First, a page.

Collecting just the right durable, lightweight, weatherproof gear for a thru-hike is a challenge in itself — and one that does not come without cost. The total retail price of everything on Myers’ gear list, itemized on TheTrek.com, comes to a whopping $2,731.74.
Stories From the Trail
Alone, But Not Really
According to those who know the trail best, thru-hiking often starts as a solo venture but rarely ends as such. Apart from the communities of people common to their ‘normal’ lifestyles, thru-hikers find that human connection thrives even in the backcountry.
Hikers who begin the trail around the same time and keep a similar pace end up sharing plenty of nights at camp together.
“It’s the best of both worlds. People would just do their own thing during the day... so you can go as fast or as slow as you want,” O’Grady said. “And then at the end of the day, at camp, you can still get that camaraderie and kind of reflect on the day.”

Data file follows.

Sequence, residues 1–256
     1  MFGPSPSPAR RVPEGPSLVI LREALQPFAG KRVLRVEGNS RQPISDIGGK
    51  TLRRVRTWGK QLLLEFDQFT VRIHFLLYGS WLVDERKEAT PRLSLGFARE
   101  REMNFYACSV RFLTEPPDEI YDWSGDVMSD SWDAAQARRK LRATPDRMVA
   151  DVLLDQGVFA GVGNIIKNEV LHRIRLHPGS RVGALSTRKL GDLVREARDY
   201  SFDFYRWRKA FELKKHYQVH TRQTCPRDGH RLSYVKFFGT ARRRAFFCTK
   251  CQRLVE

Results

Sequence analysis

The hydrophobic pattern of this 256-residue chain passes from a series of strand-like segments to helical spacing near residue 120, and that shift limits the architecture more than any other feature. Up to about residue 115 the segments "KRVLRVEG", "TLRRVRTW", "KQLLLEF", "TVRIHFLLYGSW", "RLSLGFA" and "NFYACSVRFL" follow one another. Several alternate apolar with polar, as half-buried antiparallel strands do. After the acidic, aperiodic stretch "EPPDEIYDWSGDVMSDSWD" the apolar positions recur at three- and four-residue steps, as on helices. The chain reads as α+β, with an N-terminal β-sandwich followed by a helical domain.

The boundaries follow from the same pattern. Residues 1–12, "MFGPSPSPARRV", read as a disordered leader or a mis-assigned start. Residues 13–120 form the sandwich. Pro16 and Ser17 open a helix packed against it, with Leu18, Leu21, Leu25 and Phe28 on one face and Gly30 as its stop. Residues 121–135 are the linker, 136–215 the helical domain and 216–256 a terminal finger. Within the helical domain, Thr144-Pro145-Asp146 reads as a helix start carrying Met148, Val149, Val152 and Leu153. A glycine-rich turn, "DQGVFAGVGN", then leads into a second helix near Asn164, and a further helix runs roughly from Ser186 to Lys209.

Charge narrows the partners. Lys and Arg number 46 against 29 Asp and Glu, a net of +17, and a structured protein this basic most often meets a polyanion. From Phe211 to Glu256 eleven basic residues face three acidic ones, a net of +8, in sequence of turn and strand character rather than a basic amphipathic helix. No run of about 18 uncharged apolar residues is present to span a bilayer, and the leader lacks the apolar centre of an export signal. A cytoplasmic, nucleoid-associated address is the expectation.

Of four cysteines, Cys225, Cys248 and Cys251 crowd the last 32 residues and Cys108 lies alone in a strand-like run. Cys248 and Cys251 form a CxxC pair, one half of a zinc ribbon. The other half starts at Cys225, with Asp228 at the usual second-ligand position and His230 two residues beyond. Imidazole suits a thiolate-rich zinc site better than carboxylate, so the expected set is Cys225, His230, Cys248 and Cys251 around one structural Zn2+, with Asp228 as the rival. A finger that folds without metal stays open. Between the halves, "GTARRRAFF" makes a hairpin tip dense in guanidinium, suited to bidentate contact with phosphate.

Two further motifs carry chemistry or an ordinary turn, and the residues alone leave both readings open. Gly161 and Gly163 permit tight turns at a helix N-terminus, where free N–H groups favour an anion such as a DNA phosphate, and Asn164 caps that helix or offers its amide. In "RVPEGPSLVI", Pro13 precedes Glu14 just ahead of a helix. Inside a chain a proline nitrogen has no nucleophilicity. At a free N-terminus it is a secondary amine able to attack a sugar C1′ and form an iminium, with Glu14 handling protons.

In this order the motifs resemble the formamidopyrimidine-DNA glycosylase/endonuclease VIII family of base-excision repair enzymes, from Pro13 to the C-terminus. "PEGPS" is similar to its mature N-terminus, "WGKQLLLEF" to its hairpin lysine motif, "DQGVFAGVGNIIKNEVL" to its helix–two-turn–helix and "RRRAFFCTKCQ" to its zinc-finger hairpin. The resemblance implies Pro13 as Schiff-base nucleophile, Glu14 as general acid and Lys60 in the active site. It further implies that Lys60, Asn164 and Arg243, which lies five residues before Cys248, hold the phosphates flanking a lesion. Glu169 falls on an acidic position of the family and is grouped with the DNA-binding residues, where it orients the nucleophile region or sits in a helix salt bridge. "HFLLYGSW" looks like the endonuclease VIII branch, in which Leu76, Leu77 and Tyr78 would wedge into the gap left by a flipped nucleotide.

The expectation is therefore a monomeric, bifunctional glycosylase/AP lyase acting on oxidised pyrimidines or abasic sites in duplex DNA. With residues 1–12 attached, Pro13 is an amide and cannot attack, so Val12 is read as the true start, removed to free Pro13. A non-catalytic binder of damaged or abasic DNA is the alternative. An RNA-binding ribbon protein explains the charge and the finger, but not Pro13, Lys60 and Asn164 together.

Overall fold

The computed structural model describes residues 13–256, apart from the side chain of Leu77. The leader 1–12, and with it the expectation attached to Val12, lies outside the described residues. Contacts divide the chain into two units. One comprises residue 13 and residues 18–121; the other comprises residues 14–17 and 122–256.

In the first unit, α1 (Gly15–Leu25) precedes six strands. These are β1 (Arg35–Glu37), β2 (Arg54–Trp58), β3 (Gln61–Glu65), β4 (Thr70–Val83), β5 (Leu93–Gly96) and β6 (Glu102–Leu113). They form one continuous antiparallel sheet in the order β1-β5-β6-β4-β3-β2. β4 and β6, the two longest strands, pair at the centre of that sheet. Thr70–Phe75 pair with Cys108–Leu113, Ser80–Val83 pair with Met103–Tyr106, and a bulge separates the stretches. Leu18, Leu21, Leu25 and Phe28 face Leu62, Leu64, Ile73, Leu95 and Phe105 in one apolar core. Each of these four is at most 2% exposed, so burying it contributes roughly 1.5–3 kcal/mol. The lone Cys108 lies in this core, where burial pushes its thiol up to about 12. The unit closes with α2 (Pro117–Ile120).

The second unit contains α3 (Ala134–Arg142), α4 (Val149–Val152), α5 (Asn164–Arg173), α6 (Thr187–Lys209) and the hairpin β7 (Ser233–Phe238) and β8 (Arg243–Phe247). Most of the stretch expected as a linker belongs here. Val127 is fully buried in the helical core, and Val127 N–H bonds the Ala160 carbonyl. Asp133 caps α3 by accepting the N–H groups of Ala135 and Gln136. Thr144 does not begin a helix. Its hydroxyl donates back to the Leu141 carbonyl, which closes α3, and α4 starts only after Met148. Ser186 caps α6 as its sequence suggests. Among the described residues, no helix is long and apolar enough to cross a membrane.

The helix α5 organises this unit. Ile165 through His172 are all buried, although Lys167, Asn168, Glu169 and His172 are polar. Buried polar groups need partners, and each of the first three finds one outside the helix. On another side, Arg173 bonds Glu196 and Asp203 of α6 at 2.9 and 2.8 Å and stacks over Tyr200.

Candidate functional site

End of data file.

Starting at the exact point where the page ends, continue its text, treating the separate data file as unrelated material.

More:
Myers knew before ever stepping foot on the trail that it “was going to suck,” but ultimately found solace in the communal suffering of his fellow tired, hungry, unshowered thru-hikers. The support of those he met also helped him cope with the decision to leave the trail.
However, when 25-year-old Audrey Aug embarked on the trail, her close friend, Hannie Glenn, was by her side. After a venomous spider bite forced Aug to leave the trail on a prior attempt, she met Glenn while they worked at the same Starbucks. Though Glenn had no prior backpacking experience, she wanted in on the action for Aug’s second attempt. The pair successfully completed their thru-hike in September of 2019.
“We’re all the more friends for it... being able to start and finish together means that we’ll always have the inside jokes and so many things to relate to,” Aug said.